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Mail Pouch Tobacco: Hitting the Broad Side of 20,000+ Barns


By Pamela Simmons

Growing up in Western Pennsylvania, my family rarely took a trip when I didn’t spy at least one barn painted with a Mail Pouch Tobacco advertisement: “CHEW MAIL POUCH TOBACCO TREAT YOURSELF TO THE BEST.” The same is probably true for you if you’ve traveled in any one of 22 states where these barns reside.

Mail Pouch Tobacco barn

Photo by Mike MacCarter

A Mail Pouch barn in Fayette County, PA  

Traveling along the Pennsylvania Turnpike recently, I thought about these barns and realized that I hadn’t seen one on this trip, which I thought was odd, and which prompted a bit of research on my part. It seems that the barn ads were painted between 1890 and 1992 with the advertisement for the West Virginia Mail Pouch Tobacco Company, and they are a dying breed now, as many have fallen into disrepair or have been completely eradicated in the name of progress, or by the elements.

Mail Pouch Tobacco barn

Photo by dok1/flickr

Mail Pouch advertisements were painted on barns between 1890 and 1992. It would appear this job dates to the early days of the century-spanning program.

Initially, the tobacco company paid barn owners between $1 and $2 a year to paint their barns, the relative equivalent of between $20 and $40  today. Not a lot of money indeed, but owners were primarily interested in having the wood of their barns protected with a fresh coat of paint, at no cost to them. The advertisement was painted on one or two sides of the barn (determined by potential visibility) and the rest of the barn was painted any color the owner chose. Many barns were repainted every few years to maintain the sharpness of the lettering. Not a bad deal at all–you pick the color, make a couple bucks, sit back and watch your barn being painted.

From 1900 to 1940 other tobacco companies, such as Beech Nut, paid farmers to paint ads on their barns, but no program was as widespread, consistent, or recognizable as Mail Pouch.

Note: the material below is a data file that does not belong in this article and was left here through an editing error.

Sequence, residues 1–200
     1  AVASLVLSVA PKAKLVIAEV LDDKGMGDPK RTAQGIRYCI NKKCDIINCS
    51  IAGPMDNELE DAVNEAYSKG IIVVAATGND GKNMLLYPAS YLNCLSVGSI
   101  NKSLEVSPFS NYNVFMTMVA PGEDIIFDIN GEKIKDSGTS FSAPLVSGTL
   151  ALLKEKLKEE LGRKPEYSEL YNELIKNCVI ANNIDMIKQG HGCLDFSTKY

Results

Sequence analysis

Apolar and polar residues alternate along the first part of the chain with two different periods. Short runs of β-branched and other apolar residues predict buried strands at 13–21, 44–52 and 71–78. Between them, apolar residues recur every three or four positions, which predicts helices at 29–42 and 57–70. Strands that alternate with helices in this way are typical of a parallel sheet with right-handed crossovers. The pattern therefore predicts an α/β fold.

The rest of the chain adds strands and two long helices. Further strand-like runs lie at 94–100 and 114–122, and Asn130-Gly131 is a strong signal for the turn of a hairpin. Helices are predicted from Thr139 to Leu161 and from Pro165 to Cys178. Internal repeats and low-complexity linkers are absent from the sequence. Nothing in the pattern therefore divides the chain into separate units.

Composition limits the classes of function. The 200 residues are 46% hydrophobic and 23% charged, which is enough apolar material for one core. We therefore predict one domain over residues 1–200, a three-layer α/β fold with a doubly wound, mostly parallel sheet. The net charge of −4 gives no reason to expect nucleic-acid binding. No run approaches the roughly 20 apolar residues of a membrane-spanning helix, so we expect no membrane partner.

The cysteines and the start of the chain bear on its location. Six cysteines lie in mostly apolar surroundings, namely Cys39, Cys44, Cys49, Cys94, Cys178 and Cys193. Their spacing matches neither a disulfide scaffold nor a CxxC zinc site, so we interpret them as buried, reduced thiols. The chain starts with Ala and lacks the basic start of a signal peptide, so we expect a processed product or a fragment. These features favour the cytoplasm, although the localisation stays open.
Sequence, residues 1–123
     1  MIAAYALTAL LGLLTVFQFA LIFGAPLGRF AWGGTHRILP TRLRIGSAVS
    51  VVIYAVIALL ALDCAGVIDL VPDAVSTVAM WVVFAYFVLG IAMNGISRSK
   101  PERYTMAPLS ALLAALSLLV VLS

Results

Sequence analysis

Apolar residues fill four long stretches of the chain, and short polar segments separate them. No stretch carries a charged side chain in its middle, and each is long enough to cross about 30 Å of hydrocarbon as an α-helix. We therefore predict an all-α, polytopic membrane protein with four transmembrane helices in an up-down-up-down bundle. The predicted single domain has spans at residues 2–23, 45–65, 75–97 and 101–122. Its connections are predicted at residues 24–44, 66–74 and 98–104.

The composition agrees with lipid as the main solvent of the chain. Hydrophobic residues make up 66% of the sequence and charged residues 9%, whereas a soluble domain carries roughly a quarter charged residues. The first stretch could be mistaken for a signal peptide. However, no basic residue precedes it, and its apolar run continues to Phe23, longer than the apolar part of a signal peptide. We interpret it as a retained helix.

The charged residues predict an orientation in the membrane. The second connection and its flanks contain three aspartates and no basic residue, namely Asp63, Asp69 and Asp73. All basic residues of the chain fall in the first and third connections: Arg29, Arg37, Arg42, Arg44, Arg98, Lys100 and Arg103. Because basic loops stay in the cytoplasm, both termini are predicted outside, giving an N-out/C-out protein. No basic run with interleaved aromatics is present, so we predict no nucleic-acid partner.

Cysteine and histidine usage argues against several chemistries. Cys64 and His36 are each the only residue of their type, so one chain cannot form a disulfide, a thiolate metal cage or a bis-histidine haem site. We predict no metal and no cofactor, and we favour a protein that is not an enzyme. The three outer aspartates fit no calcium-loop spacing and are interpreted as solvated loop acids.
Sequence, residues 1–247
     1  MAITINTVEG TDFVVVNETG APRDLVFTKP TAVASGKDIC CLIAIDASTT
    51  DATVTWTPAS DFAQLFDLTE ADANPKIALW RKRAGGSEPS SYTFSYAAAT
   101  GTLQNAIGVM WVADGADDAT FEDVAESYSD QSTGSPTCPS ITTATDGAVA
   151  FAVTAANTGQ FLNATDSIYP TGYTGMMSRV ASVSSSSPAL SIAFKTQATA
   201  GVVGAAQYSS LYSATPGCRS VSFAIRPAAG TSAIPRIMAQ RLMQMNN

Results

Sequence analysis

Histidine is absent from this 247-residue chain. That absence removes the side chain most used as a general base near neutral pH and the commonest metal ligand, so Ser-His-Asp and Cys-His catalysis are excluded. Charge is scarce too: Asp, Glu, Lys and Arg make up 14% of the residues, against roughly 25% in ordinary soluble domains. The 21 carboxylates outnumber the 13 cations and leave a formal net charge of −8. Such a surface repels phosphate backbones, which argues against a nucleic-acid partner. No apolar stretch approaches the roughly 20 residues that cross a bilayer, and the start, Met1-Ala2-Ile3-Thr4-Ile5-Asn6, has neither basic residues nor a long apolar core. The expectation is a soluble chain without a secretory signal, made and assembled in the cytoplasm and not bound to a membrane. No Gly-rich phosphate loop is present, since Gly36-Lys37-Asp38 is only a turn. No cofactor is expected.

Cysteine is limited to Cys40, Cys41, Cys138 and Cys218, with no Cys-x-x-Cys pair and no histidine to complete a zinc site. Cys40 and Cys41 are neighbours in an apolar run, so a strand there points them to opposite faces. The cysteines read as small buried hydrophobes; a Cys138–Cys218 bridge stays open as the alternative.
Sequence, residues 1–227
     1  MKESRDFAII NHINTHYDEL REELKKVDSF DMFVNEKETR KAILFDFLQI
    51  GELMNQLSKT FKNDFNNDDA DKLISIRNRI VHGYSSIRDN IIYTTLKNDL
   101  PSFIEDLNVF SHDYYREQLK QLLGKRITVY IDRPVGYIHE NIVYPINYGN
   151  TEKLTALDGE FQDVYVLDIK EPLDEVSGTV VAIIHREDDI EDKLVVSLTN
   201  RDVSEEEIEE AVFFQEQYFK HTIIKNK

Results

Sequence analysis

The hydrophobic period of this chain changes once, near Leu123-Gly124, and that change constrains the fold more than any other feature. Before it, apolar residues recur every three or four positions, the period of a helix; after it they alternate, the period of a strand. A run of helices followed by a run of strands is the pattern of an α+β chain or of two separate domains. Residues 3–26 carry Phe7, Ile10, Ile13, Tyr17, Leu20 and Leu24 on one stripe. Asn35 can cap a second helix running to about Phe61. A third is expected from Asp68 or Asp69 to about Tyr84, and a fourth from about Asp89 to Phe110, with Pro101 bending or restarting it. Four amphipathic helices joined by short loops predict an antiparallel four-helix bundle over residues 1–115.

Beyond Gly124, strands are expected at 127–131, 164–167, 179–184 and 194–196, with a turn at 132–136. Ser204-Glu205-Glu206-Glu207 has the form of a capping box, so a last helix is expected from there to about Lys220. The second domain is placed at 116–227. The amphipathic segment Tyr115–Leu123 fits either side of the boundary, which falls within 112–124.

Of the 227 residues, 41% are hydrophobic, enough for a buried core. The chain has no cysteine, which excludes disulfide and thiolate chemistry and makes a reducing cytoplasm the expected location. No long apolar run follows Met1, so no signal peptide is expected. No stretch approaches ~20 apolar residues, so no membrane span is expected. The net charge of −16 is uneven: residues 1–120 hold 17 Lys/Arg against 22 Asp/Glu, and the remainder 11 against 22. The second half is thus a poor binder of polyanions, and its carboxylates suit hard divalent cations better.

In the mid-1960s, Lady Bird Johnson campaigned tirelessly to restrict advertisements near highways. “Ugliness is so grim,” she once said. “A little beauty, something that is lovely, I think, can help create harmony which will lessen tensions.”

Even after the Highway Beautification Act became law in 1965, Mail Pouch barns were exempted since they had been deemed historic landmarks.

Harley Warrick

Schley Cox

Harley Warrick

Belmont County, Ohio, resident Harley Warrick is credited with having painted most of these barns. Beginning after World War II, he estimated at one time that he’d personally painted 20,000. Other Mail Pouch barn painters include Mark Turley and Don Shires.

A colorful character, Harley passed away in November of 2000. I remember years ago, seeing a television interview of a Mail Pouch Tobacco barn painter; I believe it was Harley. The last question posed by the interviewer was, “So, tell me: after all this, do you chew Mail Pouch Tobacco?” He just grinned and popped a wad into his mouth, and so ended the interview.

Harley Warrick

Photo by Ray Day

“Harley,” I asked, “why did you paint the HEW before painting the C?” “I always like to sign my work before I begin,” he replied.  “You see, my name is Harley E. Warrick – HEW.” – Ray Day